This supplement has been used in connection with the following health conditions:
Refer to label instructions
Casein protein is more slowly digested than other animal proteins, resulting in a slower, prolonged rise in blood levels of amino acids, so some speculate that it may better support protein synthesis by the body compared with proteins like whey protein that are more rapidly digested.
Casein protein is more slowly digested than other animal proteins, resulting in a slower yet more prolonged rise in blood levels of amino acids.3 This has led to speculation that casein may support protein synthesis by the body for a longer period of time compared with proteins, such as whey protein, that are more rapidly digested. However, in two double blind trials, measurements of muscle protein synthesis after leg exercises were similar whether casein or whey protein (either 20 grams or 0.3 grams per 2.2 lbs body weight taken one hour after exercise) was consumed. Other double blind studies have shown that adding protein supplements to a weight-training program improves gains in muscle mass and strength, but only one trial has compared using casein alone to other proteins for improving body composition and muscle strength. In this controlled trial, overweight men were given a low-calorie diet along with a weight training exercise plan for three months. Men who followed this plan and also took 1.5 grams per day of predigested casein protein per 2.2 lbs body weight gained more strength and lean body mass, and lost more body fat than did men using a similar amount of whey protein along with the same diet and exercise plan.
Casein protein in milk may aid weight loss due to its effect on appetite, calorie burning, and body composition.
Casein, the main protein in milk, may aid weight loss due to its effect on appetite, calorie burning, and body composition.4, 5 In a controlled trial, overweight women dieted for four months using a low-calorie diet that included three daily shakes made from either casein or soy protein.6 Both groups lost similar amounts of weight, with similar improvements in body composition, suggesting there was no difference in the weight-loss benefits of soy or casein protein. In another controlled trial, overweight men were given a low-calorie diet along with a weight training exercise plan for three months. Men who followed this plan and also took 1.5 grams per day of predigested casein protein per 2.2 lbs body weight lost a similar amount of weight as did men using a similar amount of whey protein along with the same diet and exercise plan. However, the men using casein protein gained more lean body mass and lost more body fat than the men using whey protein.7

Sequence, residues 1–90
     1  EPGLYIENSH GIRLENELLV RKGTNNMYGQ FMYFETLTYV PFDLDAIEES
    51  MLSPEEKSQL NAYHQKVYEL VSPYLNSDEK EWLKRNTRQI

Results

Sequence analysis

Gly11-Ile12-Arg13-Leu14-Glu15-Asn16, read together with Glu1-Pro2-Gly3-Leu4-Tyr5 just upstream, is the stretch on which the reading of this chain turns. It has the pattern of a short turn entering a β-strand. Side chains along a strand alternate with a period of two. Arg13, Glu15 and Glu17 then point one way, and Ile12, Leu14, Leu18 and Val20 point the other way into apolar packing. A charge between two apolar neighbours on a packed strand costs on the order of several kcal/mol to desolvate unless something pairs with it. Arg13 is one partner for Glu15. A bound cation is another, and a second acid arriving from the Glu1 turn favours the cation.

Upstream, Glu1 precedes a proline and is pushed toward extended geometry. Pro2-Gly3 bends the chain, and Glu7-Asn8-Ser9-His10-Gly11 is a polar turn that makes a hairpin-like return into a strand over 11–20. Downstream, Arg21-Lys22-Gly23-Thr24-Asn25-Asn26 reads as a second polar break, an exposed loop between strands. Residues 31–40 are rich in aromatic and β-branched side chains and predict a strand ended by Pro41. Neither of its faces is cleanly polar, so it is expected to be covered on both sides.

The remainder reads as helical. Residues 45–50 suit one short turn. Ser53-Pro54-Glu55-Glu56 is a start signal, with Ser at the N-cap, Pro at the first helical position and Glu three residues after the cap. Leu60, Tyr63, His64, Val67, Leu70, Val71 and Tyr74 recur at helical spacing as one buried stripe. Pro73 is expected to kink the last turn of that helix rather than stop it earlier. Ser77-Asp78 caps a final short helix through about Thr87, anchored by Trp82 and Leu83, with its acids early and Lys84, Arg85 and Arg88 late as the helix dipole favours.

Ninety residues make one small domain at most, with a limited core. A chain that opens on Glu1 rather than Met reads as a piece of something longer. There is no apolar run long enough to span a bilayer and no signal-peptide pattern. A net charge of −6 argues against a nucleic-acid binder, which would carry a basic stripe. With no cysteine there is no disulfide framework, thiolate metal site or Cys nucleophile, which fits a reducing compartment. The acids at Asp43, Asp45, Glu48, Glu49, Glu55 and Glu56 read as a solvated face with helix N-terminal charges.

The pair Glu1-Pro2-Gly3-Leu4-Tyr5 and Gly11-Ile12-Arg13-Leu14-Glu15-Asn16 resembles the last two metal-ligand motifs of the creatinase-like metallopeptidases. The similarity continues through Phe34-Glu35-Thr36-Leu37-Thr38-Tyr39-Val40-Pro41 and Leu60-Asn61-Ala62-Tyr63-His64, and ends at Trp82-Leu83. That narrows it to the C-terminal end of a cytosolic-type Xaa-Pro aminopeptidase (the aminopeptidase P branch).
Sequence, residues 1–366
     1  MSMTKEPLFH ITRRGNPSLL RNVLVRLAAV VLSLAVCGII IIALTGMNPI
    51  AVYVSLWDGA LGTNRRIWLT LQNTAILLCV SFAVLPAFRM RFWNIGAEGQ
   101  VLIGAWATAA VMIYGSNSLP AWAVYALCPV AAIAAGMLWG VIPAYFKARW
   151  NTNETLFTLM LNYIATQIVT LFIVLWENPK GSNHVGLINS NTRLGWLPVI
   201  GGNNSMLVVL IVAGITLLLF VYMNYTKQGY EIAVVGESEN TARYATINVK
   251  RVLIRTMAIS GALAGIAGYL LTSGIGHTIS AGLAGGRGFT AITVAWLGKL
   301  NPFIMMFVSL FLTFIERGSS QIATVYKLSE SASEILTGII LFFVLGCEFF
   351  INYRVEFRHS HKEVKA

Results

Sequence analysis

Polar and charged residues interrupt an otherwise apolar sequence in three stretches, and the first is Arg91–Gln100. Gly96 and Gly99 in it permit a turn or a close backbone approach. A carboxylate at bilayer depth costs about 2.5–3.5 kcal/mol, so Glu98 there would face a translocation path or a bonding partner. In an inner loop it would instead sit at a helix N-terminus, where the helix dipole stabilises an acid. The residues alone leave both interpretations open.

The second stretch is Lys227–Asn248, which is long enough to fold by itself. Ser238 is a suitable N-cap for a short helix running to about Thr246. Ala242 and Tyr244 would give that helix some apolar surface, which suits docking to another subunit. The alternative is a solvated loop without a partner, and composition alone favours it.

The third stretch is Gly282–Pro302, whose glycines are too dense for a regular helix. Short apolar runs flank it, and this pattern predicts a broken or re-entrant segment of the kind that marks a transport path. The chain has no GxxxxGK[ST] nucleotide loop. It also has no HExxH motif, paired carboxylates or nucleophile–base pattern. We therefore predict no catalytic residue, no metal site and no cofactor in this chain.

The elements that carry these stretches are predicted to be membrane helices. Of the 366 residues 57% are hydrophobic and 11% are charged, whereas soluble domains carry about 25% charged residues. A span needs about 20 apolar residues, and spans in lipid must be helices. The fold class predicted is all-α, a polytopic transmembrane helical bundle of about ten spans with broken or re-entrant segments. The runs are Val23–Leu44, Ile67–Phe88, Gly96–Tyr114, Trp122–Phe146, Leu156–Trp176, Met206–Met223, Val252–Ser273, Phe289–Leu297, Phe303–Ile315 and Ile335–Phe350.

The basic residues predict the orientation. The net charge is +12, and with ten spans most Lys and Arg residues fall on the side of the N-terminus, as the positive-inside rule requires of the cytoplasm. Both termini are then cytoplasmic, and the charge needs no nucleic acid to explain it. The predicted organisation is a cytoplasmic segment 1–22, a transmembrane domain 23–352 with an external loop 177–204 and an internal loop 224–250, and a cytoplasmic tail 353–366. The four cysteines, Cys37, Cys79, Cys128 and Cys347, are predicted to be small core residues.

How to Use It
Some benefits of casein protein have been demonstrated with as little as 20 grams per day. For improving body composition with weight training, 1.5 grams of casein protein per 2.2 pounds body weight per day has been effective.
Where to Find It
Milk protein is 70 to 80% casein, so milk, yogurt, cheese and other dairy products are high in casein. Nondairy foods sometimes contain added casein as a whitening or thickening agent. Casein is also used in some protein supplements.
People who do not include dairy foods in their diets do not consume casein. However, the amino acids in casein protein are available from other sources, and a deficiency of these amino acids is unlikely in a typical Western diet.
Interactions with Supplements, Foods, & Other Compounds
At the time of writing, there were no well-known supplement or food interactions with this supplement.
Interactions with Medicines
As of the last update, we found no reported interactions between this supplement and medicines. It is possible that unknown interactions exist. If you take medication, always discuss the potential risks and benefits of adding a new supplement with your doctor or pharmacist.
The Drug-Nutrient Interactions table may not include every possible interaction. Taking medicines with meals, on an empty stomach, or with alcohol may influence their effects. For details, refer to the manufacturers’ package information as these are not covered in this table. If you take medications, always discuss the potential risks and benefits of adding a supplement with your doctor or pharmacist.
1. Deutz NE, Bruins MJ, Soeters PB. Infusion of soy and casein protein meals affects interorgan amino acid metabolism and urea kinetics differently in pigs. J Nutr 1998;128:2435-45.
2. Boirie Y, Dangin M, Gachon P, et al. Slow and fast dietary proteins differently modulate postprandial protein accretion. Proc Natl Acad Sci 190-35.
3. Boirie Y, Dangin M, Gachon P, et al. Slow and fast dietary proteins differently modulate postprandial protein accretion. Proc Natl Acad Sci 190-35.
4. Hochstenbach-Waelen A, Veldhorst MA, Nieuwenhuizen AG, at al. Comparison of 2 diets with either 25% or 10% of energy as casein on energy expenditure, substrate balance, and appetite profile. Am J Clin Nutr 2009;89:831-8.
5. Veldhorst MA, Nieuwenhuizen AG, Hochstenbach-Waelen A, at al. Comparison of the effects of a high- and normal-casein breakfast on satiety, 'satiety' hormones, plasma amino acids and subsequent energy intake. Br J Nutr 2009;101:295-303.
6. Anderson JW, Fuller J, Patterson K, et al. Soy compared with casein meal replacement shakes with energy-restricted diets for obese women: randomized controlled trial. Metabolism 2007;56:280-8.
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13. Martin JM, Trink B, Daneman D, et al. Milk proteins in the etiology of insulin-dependent diabetes mellitus (IDDM). Ann Med 1991;23:447-52 [review].
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